All of these issues make for very unreliable statistics.
  16. #236  
    Quote Originally Posted by groovy View Post
    All of these issues make for very unreliable statistics.
    Do you believe that argument for all of those other countries as well? And the fact that we rank 29th in life expectancy? Are there any objective measures in which we outperform other countries (other than cost)?
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  17. groovy's Avatar
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    #237  
    Quote Originally Posted by Bujin View Post
    I'm basing "doing it better" on the stats from the UN and CIA Factbook, as posted on the prior page, the satisfaction level of the countries' citizens, as also posted previously, and the cost of health care.
    See my previous post.

    Do you have any evidence to back up that hypothesis...or just drawing the conclusion that, because the UN and CIA numbers indicate that we're not the best, the numbers can't be trusted?
    "First, it's shaky ground to compare U.S. infant mortality with reports from other countries. The United States counts all births as live if they show any sign of life, regardless of prematurity or size. This includes what many other countries report as stillbirths. In Austria and Germany, fetal weight must be at least 500 grams (1 pound) to count as a live birth; in other parts of Europe, such as Switzerland, the fetus must be at least 30 centimeters (12 inches) long. In Belgium and France, births at less than 26 weeks of pregnancy are registered as lifeless. And some countries don't reliably register babies who die within the first 24 hours of birth. Thus, the United States is sure to report higher infant mortality rates. For this very reason, the Organization for Economic Cooperation and Development, which collects the European numbers, warns of head-to-head comparisons by country."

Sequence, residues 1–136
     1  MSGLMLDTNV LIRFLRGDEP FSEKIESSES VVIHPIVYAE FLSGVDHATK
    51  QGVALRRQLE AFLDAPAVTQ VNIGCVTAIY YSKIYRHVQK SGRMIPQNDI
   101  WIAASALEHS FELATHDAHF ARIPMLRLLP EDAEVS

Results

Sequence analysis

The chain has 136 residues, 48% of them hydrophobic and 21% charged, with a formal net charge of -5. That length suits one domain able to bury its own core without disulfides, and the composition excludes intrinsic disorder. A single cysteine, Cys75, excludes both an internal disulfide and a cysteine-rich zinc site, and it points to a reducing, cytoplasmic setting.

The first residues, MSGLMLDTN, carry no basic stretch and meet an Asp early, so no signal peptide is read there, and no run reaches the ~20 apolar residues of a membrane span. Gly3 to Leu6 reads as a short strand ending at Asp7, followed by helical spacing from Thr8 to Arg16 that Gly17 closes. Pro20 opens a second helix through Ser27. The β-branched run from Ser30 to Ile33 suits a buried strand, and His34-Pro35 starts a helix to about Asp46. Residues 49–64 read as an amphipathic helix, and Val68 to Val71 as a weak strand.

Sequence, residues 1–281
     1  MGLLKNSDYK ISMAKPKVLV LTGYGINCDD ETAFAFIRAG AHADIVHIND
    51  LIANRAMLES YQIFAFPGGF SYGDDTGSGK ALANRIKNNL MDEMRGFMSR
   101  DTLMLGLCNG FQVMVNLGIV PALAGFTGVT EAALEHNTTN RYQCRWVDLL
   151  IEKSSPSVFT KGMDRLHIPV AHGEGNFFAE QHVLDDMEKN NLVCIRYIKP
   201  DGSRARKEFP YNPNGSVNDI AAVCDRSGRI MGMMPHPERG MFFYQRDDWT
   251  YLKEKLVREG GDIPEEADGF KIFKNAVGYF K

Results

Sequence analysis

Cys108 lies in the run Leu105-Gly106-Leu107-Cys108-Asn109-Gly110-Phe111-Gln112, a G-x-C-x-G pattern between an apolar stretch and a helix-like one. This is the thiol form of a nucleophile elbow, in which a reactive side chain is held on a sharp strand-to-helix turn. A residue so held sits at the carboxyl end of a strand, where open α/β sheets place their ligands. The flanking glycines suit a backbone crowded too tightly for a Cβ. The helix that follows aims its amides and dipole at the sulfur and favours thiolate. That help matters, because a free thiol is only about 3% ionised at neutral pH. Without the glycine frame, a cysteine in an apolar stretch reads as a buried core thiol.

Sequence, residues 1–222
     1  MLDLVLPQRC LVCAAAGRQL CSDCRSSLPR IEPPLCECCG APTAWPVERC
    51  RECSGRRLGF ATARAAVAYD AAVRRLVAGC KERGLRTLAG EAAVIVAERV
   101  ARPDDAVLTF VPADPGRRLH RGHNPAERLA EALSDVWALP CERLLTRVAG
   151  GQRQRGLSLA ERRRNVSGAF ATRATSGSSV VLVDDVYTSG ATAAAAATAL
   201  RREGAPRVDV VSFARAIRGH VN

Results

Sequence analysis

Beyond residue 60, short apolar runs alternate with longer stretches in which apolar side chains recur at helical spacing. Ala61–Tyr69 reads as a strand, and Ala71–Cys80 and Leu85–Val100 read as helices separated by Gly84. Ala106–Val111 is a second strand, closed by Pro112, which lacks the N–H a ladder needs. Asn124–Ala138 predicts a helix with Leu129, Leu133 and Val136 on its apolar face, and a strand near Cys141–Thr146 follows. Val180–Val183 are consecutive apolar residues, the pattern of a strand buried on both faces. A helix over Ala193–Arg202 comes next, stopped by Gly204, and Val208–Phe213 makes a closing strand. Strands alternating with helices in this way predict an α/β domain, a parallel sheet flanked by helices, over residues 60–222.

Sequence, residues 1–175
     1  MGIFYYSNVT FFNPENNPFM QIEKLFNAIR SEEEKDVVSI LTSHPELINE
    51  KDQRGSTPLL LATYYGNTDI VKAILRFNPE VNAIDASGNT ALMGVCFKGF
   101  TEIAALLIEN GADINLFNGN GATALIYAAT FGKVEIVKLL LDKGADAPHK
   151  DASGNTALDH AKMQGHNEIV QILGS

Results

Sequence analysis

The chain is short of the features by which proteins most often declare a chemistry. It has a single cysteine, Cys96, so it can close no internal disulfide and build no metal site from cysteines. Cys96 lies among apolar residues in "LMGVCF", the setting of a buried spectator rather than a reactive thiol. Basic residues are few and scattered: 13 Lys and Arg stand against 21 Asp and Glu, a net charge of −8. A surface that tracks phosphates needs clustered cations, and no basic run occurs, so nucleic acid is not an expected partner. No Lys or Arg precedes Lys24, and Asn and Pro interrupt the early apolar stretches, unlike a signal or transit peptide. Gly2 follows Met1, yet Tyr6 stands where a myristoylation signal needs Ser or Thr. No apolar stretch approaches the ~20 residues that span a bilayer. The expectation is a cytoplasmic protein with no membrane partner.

Bernadine Healy, M.D.: Behind the baby count - US News and World Report

    Now, one would assume that if my previous assertion is correct, the United States would have significantly lower perinatal mortality and stillborn rates than Cuba. It does.
  18. #238  
    So our standard should be that we're better than Cuba? Really?

    Should our life expectancy be below 28 other countries? Should medical costs be causing the level of foreclosures that is currently is, or should we be virtually the only wealthy industrial country that doesn't insure all of its citizens?

    The Cuba argument really doesn't make the case that our health care system isn't broken.
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  19. groovy's Avatar
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    #239  
    Quote Originally Posted by Bujin View Post
    Do you believe that argument for all of those other countries as well? And the fact that we rank 29th in life expectancy? Are there any objective measures in which we outperform other countries (other than cost)?
    I believe that argument for many of those countries. I do believe mortality rates in Scandinavian countries are lower than the US but for many and varied reasons. Scandinavian countries are largely homogeneous countries with lower populations living "off the grid". People in those countries also tend to have much a better diet than much of the US. They also tend to have lower overall birthrates which, for a number of reasons, leads to lower infant mortality rates.
  20. groovy's Avatar
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    #240  
    Quote Originally Posted by Bujin View Post
    So our standard should be that we're better than Cuba? Really?

    Should our life expectancy be below 28 other countries? Should medical costs be causing the level of foreclosures that is currently is, or should we be virtually the only wealthy industrial country that doesn't insure all of its citizens?

    The Cuba argument really doesn't make the case that our health care system isn't broken.
    Cuba is just an example of how the number can be skewed. But, I must have missed the post that correlated the numbers of foreclosures to health care costs.